Approximately six decades after it had gone missing, the Academy of Motion Picture Arts and Sciences will be replacing the Academy Award given to actress Hattie McDaniel for her work in 1939’s Gone With The Wind.
McDaniel’s win for Best Supporting Actress for her role of “Mammy” marked the first time an African-American won an Oscar.It would be another 24 years before another black actor would win an Academy Award – Sidney Poitier for Lilies of the Field. It would be 51 years before Whoopi Goldberg’s win her work on Ghost would mark her as the second African American to win in the Best Supporting Actress category.
Just McDaniel’s nomination for an Academy Awardy was enough to stir controversy over a role that had already been accused of reinforcing a negative stereotype. When she and her escort attended the Academy Awards ceremony on February 29, 1940 at the segregated Coconut Grove at Los Angeles’ Ambassador Hotel, McDaniel and her escort for the evening had to sit at a small table at far wall of the room away from the other attendees. Her white agent, William Meiklejohn, joined her at that table. You can see McDaniel’s acceptance speech in the video below.
Upon her death in 1952, McDaniel willed her Academy Award plaque – Best Supporting Actors and Actresses received plaques and not the traditional Oscar statuette up until 1942 – to Howard University in Washington DC. There the award was on display in the school’s fine-arts building, Childers Hall up to some point in the late 1960s/early 1970s when it disappeared.
The Academy will present the replacement trophy to Howard University’s Chadwick A. Boseman College of Fine Arts on October 1 in a ceremony that will will celebrate McDaniels’ life and legacy and her historic Academy Award win.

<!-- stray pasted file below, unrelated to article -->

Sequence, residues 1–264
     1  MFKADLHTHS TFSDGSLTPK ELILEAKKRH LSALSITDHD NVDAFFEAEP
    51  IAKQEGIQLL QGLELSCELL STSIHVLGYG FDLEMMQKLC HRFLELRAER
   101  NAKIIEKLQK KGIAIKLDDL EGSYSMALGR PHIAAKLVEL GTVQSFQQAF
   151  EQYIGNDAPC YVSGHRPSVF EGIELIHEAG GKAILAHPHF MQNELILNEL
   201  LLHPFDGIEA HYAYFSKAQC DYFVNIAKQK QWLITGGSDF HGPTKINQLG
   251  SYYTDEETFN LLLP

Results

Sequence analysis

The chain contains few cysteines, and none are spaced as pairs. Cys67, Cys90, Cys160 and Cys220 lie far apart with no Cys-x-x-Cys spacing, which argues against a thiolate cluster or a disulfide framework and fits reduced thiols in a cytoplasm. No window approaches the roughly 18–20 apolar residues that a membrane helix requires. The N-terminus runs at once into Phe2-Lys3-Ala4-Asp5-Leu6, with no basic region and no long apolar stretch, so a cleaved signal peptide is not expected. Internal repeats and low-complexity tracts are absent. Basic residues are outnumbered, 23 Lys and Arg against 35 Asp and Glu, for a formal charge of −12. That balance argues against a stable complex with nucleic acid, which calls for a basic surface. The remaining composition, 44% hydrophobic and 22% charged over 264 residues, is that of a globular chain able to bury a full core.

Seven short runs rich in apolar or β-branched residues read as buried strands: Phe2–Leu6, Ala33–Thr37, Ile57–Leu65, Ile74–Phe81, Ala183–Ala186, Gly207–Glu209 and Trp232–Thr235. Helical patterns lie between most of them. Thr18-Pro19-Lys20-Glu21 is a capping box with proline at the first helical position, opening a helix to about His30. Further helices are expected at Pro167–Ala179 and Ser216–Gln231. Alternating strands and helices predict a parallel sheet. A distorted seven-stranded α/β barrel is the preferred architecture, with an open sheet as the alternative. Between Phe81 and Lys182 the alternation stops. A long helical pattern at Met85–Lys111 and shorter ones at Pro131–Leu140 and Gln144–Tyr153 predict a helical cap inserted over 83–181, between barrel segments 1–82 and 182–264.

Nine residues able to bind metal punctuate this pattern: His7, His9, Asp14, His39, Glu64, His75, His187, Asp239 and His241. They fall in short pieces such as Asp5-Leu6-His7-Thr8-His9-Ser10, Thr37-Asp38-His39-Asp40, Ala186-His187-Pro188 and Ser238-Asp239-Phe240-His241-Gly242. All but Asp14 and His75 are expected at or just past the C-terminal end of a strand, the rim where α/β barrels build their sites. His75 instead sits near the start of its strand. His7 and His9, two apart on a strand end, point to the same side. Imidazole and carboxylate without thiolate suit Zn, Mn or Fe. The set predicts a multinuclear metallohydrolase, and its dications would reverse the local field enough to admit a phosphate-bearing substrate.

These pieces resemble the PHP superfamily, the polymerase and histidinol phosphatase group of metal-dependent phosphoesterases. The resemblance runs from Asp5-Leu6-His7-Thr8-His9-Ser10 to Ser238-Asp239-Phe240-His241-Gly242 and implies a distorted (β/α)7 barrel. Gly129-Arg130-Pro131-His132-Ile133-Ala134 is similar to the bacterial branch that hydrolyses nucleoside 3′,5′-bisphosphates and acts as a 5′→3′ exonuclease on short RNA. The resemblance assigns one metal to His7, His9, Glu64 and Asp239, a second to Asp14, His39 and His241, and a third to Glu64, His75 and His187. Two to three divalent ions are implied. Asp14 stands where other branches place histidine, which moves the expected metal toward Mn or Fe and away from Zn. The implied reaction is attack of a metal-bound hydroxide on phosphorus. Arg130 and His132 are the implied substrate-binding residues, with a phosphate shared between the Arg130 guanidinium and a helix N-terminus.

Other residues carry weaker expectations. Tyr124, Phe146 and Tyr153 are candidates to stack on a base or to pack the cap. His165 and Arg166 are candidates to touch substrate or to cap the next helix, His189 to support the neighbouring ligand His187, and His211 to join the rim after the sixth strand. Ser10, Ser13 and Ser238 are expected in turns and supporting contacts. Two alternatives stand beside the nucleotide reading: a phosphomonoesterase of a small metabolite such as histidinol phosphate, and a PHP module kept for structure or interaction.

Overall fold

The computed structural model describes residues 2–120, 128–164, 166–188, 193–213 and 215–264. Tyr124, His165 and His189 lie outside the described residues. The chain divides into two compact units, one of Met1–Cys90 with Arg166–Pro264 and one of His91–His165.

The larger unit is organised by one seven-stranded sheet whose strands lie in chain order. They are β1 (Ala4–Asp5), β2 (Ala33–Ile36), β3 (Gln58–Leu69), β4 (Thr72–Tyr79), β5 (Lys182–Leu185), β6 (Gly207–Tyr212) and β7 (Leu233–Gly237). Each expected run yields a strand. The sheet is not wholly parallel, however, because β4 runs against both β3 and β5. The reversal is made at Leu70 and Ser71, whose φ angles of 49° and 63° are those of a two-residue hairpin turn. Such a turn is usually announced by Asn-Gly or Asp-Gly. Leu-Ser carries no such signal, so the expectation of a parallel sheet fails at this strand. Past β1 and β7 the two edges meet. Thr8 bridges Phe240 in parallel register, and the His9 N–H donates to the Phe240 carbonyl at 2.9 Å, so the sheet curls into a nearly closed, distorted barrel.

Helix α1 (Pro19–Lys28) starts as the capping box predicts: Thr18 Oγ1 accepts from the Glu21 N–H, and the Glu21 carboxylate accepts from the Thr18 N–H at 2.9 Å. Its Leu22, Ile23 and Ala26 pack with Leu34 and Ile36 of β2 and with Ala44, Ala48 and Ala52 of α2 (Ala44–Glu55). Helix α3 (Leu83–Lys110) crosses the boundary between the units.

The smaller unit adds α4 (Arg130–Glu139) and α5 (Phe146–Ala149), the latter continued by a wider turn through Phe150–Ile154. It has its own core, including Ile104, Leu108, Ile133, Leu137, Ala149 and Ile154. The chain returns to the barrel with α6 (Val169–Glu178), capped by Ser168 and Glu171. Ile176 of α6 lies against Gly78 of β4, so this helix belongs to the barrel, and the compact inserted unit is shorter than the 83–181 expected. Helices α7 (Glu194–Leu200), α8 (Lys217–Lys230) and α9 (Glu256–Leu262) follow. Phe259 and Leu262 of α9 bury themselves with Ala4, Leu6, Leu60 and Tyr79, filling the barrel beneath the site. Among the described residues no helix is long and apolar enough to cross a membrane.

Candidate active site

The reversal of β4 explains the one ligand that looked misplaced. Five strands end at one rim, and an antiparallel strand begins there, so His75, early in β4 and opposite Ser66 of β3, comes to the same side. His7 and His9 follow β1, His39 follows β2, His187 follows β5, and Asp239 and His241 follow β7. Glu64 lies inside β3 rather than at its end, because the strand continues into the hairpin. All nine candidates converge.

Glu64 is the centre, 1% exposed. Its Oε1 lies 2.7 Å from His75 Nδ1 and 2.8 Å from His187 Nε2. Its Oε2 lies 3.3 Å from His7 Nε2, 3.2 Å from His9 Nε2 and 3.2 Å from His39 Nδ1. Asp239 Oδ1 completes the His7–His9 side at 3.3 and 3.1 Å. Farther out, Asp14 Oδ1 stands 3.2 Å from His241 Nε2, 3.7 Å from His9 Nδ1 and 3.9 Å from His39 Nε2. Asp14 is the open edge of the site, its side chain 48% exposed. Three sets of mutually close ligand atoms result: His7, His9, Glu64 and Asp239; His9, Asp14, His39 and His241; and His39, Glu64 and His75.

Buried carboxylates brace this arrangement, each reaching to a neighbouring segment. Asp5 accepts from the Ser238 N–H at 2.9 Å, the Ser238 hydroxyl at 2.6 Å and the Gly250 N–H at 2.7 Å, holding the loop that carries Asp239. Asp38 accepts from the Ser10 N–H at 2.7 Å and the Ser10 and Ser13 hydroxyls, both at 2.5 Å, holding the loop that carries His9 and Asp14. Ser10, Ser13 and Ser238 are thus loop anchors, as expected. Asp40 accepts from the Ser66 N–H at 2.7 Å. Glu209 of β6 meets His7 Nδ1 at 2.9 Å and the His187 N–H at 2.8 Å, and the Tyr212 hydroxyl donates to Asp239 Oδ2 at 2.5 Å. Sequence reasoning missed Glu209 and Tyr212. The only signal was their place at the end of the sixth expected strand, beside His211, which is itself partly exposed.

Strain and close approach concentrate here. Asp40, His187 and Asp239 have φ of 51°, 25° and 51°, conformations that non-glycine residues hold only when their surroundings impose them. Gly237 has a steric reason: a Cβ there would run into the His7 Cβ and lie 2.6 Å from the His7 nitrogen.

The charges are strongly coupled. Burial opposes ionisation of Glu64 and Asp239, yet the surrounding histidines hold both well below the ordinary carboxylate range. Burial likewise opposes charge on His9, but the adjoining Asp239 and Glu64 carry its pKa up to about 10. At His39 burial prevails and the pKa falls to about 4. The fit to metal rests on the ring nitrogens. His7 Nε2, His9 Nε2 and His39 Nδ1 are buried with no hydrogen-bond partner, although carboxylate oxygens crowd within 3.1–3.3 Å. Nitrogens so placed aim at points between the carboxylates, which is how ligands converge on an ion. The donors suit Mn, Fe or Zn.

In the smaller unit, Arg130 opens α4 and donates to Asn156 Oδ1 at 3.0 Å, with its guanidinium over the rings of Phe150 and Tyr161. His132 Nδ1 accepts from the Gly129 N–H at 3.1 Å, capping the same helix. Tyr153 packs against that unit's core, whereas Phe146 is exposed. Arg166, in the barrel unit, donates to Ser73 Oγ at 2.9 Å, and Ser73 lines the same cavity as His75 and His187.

As to when exactly McDaniels Academy Award vanished, no one knows. A 2010 story in the South Florida Times on the award’s disappearance cited a student who recalls seeing it as late as 1968, and suggests that it was lost sometime shortly afterwards. The reasons vary from it being taken by student protesters who only saw McDaniel’s an offensive racial stereotype to it being taken from where it was displayed and hidden to avoid being damaged by student protesters to it being stolen and clandestinely sold to a collector. The story does state that the school had previously approached the Academy for a replacement Award in 2005 only to be rebuffed, being told ““We do not create replacements for heirs or whomever may have come into possession of an award following the winner’s death.” This appears to have been a change in policy sometime after 1988, when the Academy replaced Orson Welles’s missing Best Screenplay Oscar statue for writing Citizen Kane. (It may be possible that the change in policy came about in the years following replacing the Welles Oscar, when the original was rediscovered, setting off a number of legal cases over its ownership.)